There is an ongoing discussion regarding the geologic nature of accumulations that host gas in low-permeability sandstone environments. This note examines the discovery sequence of the accumulations in low permeability sandstone plays that were classified as continuous-type by the U.S. Geological Survey for the 1995 National Oil and Gas Assessment. It compares the statistical character of historical discovery sequences of accumulations associated with continuous-type sandstone gas plays to those of conventional plays. The seven sandstone plays with sufficient data exhibit declining size with sequence order, on average, and in three of the seven the trend is statistically significant. Simulation experiments show that both a skewed endowment size distribution and a discovery process that mimics sampling proportional to size are necessary to generate a discovery sequence that consistently produces a statistically significant negative size order relationship. The empirical findings suggest that discovery sequence could be used to constrain assessed gas in untested areas. The plays examined represent 134 of the 265 trillion cubic feet of recoverable gas assessed in undeveloped areas of continuous-type gas plays in low permeability sandstone environments reported in the 1995 National Assessment. ?? 2005 International Association for Mathematical Geology.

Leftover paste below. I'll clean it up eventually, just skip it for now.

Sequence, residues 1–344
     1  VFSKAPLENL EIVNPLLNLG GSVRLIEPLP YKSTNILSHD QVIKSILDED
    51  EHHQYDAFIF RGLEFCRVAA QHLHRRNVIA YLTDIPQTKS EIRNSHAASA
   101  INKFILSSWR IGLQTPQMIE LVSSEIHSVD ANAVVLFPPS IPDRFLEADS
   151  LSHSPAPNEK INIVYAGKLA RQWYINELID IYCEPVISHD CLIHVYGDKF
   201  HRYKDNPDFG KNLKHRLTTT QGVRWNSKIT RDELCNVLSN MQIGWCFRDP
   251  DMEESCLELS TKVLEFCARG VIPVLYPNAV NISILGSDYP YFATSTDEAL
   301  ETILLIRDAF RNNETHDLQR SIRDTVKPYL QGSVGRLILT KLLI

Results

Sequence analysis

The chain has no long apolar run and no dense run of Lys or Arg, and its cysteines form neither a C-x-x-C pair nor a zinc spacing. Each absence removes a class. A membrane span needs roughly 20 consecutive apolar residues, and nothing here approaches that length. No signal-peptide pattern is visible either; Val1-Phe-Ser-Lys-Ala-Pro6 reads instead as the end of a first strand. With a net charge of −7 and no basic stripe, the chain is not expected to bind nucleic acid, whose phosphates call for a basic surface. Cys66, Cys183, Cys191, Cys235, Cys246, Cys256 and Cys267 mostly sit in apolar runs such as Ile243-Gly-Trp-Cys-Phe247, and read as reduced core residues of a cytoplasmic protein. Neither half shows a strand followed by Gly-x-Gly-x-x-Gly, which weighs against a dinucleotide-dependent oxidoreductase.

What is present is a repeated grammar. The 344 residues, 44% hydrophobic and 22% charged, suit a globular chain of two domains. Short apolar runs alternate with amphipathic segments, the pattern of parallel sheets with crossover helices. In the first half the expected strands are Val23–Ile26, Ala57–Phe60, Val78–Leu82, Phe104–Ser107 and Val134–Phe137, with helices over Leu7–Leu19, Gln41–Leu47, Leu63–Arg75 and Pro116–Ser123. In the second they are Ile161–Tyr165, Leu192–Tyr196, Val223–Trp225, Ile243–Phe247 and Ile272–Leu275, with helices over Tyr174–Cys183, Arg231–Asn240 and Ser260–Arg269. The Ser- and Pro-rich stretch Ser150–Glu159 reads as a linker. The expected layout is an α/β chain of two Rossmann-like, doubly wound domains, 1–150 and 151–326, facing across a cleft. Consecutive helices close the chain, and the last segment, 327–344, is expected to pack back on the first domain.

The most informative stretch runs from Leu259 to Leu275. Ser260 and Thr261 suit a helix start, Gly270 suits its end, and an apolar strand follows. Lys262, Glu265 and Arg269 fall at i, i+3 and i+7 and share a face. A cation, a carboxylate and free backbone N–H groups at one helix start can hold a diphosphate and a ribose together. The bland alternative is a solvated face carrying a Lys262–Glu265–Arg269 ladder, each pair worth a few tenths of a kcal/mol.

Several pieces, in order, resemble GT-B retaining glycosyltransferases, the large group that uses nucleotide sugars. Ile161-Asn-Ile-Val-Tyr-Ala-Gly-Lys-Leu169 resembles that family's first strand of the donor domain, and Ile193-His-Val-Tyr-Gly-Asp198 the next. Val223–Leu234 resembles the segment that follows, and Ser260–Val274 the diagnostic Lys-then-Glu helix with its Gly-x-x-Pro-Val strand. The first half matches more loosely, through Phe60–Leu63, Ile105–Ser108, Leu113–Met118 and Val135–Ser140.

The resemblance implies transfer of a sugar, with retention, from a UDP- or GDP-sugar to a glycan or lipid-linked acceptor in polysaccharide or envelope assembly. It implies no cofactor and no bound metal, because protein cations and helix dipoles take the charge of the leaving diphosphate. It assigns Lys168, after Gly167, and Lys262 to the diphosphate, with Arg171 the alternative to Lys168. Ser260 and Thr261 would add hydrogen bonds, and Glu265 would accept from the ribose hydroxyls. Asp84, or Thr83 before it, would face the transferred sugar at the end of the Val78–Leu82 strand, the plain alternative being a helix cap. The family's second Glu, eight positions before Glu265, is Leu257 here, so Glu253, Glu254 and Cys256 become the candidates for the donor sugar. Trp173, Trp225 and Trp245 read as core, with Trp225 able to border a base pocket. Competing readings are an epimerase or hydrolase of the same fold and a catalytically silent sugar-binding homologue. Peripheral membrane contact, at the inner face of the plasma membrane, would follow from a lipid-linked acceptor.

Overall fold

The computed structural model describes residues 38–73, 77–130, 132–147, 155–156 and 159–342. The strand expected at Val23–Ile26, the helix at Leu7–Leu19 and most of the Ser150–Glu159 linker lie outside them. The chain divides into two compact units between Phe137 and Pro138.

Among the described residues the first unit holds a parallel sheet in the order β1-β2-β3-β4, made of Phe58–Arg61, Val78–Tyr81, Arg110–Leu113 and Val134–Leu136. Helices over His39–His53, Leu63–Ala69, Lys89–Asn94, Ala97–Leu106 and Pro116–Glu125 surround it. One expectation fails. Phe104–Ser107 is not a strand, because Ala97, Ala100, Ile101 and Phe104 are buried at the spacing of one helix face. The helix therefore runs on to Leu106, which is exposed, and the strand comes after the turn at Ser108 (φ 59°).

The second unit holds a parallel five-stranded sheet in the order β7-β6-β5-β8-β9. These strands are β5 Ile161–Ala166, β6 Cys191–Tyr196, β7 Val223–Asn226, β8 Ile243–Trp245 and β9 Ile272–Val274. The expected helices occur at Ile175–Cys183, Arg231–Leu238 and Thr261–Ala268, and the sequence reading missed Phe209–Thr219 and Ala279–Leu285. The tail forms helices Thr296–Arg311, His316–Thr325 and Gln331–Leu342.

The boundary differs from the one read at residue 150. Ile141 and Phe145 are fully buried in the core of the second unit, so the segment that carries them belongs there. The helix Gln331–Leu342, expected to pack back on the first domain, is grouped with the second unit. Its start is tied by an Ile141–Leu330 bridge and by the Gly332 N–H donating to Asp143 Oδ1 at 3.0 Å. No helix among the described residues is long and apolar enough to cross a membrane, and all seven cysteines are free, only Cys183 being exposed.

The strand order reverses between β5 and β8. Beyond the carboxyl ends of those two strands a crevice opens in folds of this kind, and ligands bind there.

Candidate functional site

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Discovery sequence and the nature of low permeability gas accumulations